The plastic bags for this application are provided in pads (i.e. bundles) of approximately 100. The number of bags is limited because of the frangible bonds. Too many bags in a pad and the bonds may fail, and the bags separate before being pulled on.
It is to be noted that frangible bonds 124, 125, and 126 are located around holes 131 and 130 to insure that their registration with one another in the pad of bags until used.
Several frangible bonds 122, 123, 120 and 121 are used in the sleeve 37 and 36 of the pad 42 of bags. These bonds also hold the sleeves together in the pad so that they can be folded over out of the way so that they will not get tangled while in the tray waiting to be used.
Each tray can hold about 3 or 4 pads of bags. A supply of between 3 or 4 hundred bags meet all the needs of most retailers. It would be unusual for a retailer to reload a tray more than once a day. Four hundred bags could last for a few days before reloading was required in most retail situations.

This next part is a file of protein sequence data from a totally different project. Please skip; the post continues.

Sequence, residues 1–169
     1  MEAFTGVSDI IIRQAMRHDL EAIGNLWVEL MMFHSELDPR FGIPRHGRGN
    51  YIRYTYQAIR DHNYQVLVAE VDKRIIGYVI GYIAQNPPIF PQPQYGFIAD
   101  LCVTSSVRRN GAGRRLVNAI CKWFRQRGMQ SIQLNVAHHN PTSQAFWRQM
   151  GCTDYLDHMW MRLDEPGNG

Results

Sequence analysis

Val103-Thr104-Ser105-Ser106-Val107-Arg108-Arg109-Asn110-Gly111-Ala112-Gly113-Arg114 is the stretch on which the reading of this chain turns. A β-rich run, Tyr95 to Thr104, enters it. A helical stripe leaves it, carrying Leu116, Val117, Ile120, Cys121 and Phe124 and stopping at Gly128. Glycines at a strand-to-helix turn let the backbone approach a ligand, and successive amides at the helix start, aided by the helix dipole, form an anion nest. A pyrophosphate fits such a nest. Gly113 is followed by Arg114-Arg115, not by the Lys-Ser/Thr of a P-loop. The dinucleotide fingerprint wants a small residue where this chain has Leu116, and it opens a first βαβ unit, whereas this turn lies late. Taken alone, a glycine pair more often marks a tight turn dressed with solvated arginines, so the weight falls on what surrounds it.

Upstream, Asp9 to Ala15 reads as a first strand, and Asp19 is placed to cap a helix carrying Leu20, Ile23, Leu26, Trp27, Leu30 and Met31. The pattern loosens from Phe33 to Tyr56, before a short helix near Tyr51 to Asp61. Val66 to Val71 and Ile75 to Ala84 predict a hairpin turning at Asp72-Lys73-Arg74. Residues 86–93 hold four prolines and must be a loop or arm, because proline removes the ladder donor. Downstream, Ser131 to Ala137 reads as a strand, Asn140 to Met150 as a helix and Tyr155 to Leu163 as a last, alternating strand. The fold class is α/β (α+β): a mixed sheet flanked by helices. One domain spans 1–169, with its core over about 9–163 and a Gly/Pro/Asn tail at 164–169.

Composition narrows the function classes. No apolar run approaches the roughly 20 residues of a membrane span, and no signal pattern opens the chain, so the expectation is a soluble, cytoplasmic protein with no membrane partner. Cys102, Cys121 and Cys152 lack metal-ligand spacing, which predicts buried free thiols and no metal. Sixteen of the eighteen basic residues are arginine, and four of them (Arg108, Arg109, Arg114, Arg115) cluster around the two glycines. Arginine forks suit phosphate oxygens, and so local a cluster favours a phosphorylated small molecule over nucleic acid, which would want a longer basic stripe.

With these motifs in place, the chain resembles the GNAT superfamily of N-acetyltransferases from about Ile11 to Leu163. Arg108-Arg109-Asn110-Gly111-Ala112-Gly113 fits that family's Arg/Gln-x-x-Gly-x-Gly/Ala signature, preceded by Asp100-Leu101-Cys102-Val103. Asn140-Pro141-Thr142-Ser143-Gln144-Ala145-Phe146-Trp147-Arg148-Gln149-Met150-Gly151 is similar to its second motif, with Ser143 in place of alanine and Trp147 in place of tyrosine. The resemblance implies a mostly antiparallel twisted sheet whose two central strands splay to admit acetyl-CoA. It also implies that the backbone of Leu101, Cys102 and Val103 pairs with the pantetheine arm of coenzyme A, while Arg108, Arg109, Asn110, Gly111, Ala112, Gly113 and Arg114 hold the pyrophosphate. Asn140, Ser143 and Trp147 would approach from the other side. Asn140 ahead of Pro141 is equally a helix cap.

Once a pad of bags is shipped to a user, the user merely folds over the sleeves 37 and 36 and places the pad over the spikes 13 and 12 or 53 and 54 and slips the tray into the rack or frame. It will be readily seen that a manufacturer can ship a multitude of pads in a single box to be used as needed, this keeping storage requirements to a minimum.